When you spend all day together, it’s easy to get on each other’s nerves. That’s why it’s important to spend a bit of time doing individual things.
Since most of our kids have long outgrown nap time, Quiet Time is our solution. It lasts about 90 minutes in our home. During this time, the littlest kids nap.
Everyone else picks something quiet to do on their own. They go to an individual space as well, so they’re not tempted to distract each other.
A couple of the kids typically pick an activity they can do in their beds. One sits at the table. Another plays on the floor of the living room, and perhaps someone sits on the couch. If the weather is decent, someone goes outside.
Here’s a look at some of the activities the kids work on during this time:
- Playing with pieces to a board game (they love to play creatively with them!)
- Do a puzzle
- Paint (not all of the kids are allowed to pick this one – they have to be able to clean up their mess completely on their own)
- Building with Legos
- Working on a hobby
- Playing with toys
- Taking a long bath (baths are typically rushed at our house since there are so many kids to get cleaned up, so long bubble baths are a favorite for some of them)
During Quiet Time, Lisa works on her business. Since it’s a bit quieter in the home during this time, she can tackle some of her client writing work. Once a week, she also has a meeting during this time.
After spending time apart, it’s always fun to come together and share a snack. We keep snacks simple, and these are also scheduled so they get added to the shopping list. This year, our snacks are:
- Cheese and crackers
- Trail mix
- Deviled eggs
- Ellie cooks (she loves coming up with new snacks, and picks the recipe the week before so we have everything on hand)
- Garlic pretzels
- Veggie sticks and ranch
As mentioned in our morning post, most of our kids have a day of the week where they get different responsibilities and privileges. One of those privileges is to pick an activity for the family to play together in the afternoon.
Sometimes this is a board game. Other times, we take a walk or jump rope together. The kids like going down to the park at Missionary Acres and playing basketball or mini-golf.
If we have errands to run, we might stop at a park and turn the play equipment into a spaceship or pirate ship.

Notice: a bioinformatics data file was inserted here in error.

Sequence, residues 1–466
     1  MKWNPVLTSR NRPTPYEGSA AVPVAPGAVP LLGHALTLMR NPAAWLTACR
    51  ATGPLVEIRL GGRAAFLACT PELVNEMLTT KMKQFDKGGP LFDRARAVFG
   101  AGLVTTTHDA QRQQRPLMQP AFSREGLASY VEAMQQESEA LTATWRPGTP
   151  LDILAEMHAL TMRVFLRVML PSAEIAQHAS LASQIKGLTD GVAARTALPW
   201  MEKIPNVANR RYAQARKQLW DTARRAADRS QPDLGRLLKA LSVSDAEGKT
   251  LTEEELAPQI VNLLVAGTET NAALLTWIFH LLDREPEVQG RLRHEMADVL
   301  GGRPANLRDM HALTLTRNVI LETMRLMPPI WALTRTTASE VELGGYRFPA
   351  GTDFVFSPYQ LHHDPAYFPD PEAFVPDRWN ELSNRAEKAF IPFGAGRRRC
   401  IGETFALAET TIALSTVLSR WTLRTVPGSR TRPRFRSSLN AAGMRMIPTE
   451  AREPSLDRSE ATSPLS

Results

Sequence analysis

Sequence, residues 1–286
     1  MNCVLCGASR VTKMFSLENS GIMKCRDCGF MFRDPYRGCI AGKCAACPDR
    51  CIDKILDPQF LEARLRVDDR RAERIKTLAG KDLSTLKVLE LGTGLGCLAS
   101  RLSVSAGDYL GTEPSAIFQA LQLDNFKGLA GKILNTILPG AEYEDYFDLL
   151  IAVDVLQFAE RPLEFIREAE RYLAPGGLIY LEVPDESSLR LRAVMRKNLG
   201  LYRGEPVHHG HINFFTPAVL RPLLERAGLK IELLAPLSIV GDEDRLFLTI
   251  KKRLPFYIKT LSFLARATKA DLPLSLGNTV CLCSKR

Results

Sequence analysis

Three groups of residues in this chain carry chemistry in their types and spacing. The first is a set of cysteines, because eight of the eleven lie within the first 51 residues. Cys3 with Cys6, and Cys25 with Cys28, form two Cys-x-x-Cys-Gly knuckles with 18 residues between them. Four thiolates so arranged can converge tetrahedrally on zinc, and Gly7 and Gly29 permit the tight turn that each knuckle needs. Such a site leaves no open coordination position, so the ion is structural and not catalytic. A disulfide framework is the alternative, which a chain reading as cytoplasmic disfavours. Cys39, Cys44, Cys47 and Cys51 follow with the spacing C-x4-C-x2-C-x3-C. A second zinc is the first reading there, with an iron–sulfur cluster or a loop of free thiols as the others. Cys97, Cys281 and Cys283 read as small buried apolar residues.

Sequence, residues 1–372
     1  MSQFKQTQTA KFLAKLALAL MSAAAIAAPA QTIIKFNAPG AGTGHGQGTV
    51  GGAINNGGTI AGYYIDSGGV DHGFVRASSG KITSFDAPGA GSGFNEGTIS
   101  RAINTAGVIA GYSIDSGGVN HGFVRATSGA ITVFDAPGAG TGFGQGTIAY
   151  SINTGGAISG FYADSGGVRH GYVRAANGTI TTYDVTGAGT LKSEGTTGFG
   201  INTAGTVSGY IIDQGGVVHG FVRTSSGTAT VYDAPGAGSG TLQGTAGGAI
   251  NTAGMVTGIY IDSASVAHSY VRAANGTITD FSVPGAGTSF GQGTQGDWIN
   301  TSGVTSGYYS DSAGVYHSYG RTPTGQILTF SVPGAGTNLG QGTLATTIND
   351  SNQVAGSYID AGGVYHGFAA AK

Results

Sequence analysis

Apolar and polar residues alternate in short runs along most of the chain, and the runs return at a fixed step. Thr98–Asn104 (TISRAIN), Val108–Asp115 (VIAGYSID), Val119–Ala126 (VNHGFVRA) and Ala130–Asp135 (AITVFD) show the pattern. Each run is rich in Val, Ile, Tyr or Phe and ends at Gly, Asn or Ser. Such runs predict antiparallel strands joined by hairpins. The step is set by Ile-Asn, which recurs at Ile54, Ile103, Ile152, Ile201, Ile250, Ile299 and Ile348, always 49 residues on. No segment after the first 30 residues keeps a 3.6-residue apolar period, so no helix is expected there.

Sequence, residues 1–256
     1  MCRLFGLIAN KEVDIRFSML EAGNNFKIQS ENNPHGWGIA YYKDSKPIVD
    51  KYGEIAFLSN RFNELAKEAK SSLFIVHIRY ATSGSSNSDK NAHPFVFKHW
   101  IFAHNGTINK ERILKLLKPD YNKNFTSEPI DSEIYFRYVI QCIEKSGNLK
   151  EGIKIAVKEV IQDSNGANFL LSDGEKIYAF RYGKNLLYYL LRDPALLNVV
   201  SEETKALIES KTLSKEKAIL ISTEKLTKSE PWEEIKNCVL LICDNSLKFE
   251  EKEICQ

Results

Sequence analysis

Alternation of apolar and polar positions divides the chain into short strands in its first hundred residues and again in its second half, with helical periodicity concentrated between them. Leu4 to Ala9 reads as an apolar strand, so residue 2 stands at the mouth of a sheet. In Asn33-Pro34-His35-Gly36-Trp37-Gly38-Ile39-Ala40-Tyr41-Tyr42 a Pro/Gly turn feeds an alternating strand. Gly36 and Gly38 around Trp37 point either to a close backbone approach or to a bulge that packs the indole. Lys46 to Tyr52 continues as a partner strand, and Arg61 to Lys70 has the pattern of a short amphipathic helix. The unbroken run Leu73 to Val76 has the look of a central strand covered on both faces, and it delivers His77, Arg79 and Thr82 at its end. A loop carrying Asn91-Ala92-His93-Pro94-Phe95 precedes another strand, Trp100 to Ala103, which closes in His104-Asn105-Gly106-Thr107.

My now nine-year-old invented a game several years ago called Baby in the Mailbox. That’s a frequent pick from the younger kids.
Basically, we play house with each person assigned a role. But, the mail person brings a mysterious box to the door. It’s a baby. So then we have to call the police and report a baby being found, and take the baby to the doctor, and go to the store to buy baby things. It’s a great game of pretend that tends to get more elaborate each time we play!
No matter what we do, we enjoy our time together.
If the kids earned their screen time (by spending an hour in active play), they get to redeem it in the afternoon after quiet time. Several kids can use their time at the same time, which helps it not take too long.
Quick Clean Up
Each afternoon, before Bryan gets home, we spend about 15 minutes cleaning up. When we all pitch in, we can get a lot done in that amount of time.
During this time we also put away laundry from the day (if any has piled up and not gotten put away right out of the dryer).
Free Time and Dinner Prep
We end our afternoons with free time for the kids. During this time, Lisa starts prepping dinner. We’ll pick up here next month when we share our evenings with you.
While the rest of the family is busy doing the above, Bryan is working either at Missionary Acres, or on deputation activities.
If working at the Acres, he tackles whatever projects are on the agenda that week. It could be:
- Using the weed whacker to clean up the property
- Working on a building project
- Helping with building maintenance
- Trouble shooting why a heat pump stopped working
If he’s working on deputation, he’ll stay in the bedroom with the door shut to try to keep the noise down a bit. We’re looking forward to having an office space in the house we’re going to remodel!
On these days, he might work on:
- Writing a sermon to use on the road
- Calling pastors
- Updating our presentation
- Following up with pastors
- Answering emails
- Working on deputation paperwork
An Evening with the Tanners
Come back next month to see how we spend our evenings.
Thanks so much for spending some time with us! It’s a blessing to be able to serve the Lord here at Missionary Acres.